Taking Refuge by Sarahjoy Marsh
"The teacher suggested that ultimately the practice of yoga was to train the mind to concentrate."
I have the great luck of both loving what I do and doing what I love. I am a yoga teacher by spirit and by trade. My life is filled with other yoga teachers as friends and mentors, and with the warm hearts of yoga students. I have permission, in my work, to go barefoot, to wear yoga tights and tank tops, to breathe deeply, to take a stretch break, to speak of the things of the heart.
Recently I went to a teacher’s gathering where we contemplated the intention behind our teaching. The teacher suggested that ultimately the practice of yoga was to train the mind to concentrate. Basically, by giving the mind something to focus on—the little toe or the hamstring—and then keeping it there, it will learn the useful art of concentration.
When I took class with this particular philosophy as its foundation, I felt like I was being given a stream of endless tasks to do with my body to bring the pose into balance, and, I presume, the mind to concentration.
Now perhaps your own life is very simple. But in my life, unfortunately, I am already mastering this task of doing endless tasks! The task of thinking, planning, reviewing, controlling. The task of being in charge, of being someone. Honestly, at this point on my yoga path, I am much more interested in surrendering the mind to discover the wisdom inherent in the body.
Reflecting on all of this, I realized that teaching the art of concentration has never been my focus as a yoga teacher. With that realization arose a doubt: perhaps I’m a phony teacher? I was shocked! “What do you mean you don’t teach your students the art of concentration?;” “How can you call yourself a teacher?;” “What are you teaching then?”
Certainly any yoga practitioner knows that paying attention in your practice is very valuable. So, too, is developing awareness of what your body is doing and how it feels doing it. I have been in yoga classes where, looking back now, I assume the teacher must have been trying to teach me to concentrate. For try as I might, I never did get any of those poses right! There was always more tinkering to be done with this pose or that one. And the teacher, of course, was always several steps ahead of me. I left feeling that the breadth of yoga will forever be too deep to plunge into fully. If understanding was my goal, I was failing.
Certainly the science of yoga is far more vast than I am able to fully comprehend. And yet the essence of the experience of yoga is such a strong and enduring taste, I can spend my lifetime exploring just this taste. When I practice yoga, what I taste is an utter simplicity of heart, gratitude for this mysterious existence. Many times the expression that comes through in my practice is a longing for being even more immersed in that taste. When I teach, it is to share this celebration. When I practice yoga, it is to express this celebration. Some light a candle in prayer. My yoga practice is the prayer; yoga alights an inner flame of reverence and faith.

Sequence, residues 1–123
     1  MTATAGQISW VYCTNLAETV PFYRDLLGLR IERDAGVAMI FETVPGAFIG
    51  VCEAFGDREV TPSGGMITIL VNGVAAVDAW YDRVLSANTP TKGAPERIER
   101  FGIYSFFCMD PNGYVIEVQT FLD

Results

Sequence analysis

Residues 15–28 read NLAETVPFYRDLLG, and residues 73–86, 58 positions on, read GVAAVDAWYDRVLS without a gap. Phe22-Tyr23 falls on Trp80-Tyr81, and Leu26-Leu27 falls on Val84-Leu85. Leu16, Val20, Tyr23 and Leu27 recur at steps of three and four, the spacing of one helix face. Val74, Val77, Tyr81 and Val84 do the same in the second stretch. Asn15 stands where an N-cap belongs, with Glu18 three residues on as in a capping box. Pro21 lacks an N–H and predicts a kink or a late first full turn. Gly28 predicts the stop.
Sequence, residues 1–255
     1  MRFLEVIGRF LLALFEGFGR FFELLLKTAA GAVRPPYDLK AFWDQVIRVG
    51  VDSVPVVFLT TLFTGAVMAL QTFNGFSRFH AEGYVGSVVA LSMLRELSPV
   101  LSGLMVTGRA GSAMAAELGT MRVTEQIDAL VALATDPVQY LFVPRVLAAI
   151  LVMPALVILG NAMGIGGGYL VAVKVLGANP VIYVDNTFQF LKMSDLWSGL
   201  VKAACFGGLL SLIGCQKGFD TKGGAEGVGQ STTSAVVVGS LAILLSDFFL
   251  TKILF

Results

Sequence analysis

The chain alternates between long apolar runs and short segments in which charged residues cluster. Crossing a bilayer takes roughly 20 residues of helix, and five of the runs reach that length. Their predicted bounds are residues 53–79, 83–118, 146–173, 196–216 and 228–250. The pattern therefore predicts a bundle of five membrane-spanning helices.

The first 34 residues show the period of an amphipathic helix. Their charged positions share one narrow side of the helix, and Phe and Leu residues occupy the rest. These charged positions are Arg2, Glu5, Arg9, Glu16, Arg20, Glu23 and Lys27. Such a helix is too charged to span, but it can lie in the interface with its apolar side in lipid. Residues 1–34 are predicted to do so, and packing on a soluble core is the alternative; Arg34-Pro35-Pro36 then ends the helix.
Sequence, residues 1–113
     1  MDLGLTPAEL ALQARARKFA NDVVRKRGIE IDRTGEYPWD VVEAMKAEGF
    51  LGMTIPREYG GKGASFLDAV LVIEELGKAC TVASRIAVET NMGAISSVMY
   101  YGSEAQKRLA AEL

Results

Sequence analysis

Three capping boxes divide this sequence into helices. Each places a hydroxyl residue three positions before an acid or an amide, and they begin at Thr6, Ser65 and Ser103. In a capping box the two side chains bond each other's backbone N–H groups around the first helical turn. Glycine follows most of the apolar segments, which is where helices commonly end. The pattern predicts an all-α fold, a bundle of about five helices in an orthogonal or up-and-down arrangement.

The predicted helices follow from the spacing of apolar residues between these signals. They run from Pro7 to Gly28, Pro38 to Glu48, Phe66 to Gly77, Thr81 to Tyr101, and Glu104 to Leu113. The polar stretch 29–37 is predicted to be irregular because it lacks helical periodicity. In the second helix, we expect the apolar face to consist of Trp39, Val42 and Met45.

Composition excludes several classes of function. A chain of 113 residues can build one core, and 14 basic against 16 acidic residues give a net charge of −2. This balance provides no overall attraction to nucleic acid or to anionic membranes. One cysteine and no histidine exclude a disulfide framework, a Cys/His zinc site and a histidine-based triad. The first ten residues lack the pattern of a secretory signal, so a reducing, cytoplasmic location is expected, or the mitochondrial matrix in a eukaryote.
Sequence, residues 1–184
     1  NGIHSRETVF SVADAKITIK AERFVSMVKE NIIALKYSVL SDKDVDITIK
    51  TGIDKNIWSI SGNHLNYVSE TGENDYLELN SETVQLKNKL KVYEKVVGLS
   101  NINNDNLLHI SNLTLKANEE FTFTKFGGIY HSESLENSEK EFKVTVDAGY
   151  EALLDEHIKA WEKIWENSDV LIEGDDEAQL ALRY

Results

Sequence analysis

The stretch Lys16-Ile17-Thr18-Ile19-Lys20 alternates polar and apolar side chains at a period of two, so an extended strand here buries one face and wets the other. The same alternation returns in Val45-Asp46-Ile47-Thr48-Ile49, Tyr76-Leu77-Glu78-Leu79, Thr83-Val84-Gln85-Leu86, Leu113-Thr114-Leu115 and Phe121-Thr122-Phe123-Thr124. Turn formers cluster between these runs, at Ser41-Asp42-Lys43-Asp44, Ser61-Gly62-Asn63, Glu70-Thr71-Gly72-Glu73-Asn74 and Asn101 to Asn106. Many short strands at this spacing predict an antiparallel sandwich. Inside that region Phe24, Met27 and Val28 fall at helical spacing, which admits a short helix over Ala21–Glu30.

But if we are practicing yoga, or lighting a candle, with the hope of getting something from it, then are we really open to the mystery to which we pray? Do we really trust its wisdom? If we are trying to master or concentrate the mind, what are we missing out on in the heart or the body?
What if we allowed the yoga poses to work their magic through our bones and blood? What if we allowed the simple gesture of lighting the candle to be felt deeply in every cell of the body! Imagine the original awe when man discovered fire! What does your body long for? Not just the whole body, but let’s say, the feet? What is their longing? How do your hands cry out in praise? The knees, for what do they sing?
I understand the value of proper alignment in yoga poses. In fact, I devote myself to this art. But it is not for the sake of training the mind. I teach my students to align their bodies as a temple for the mind to fall into, in surrender. I teach them to align their bodies so that every part of the body can pray together, like a symphony, calling out in praise, in quietude, in thanks.
May our minds be free to hear the wisdom of the body and the longing of the heart. May we allow ourselves to call out to God, not awaiting a reply, but making our lives the expression of that calling.
Sarahjoy Marsh is a founder of The Sanctuary, A Center for Yoga, Dharma and Healing Arts. She is dedicated to the heart’s awakening through yoga and meditation. She can be reached at 503-552-9642 (552-YOGA).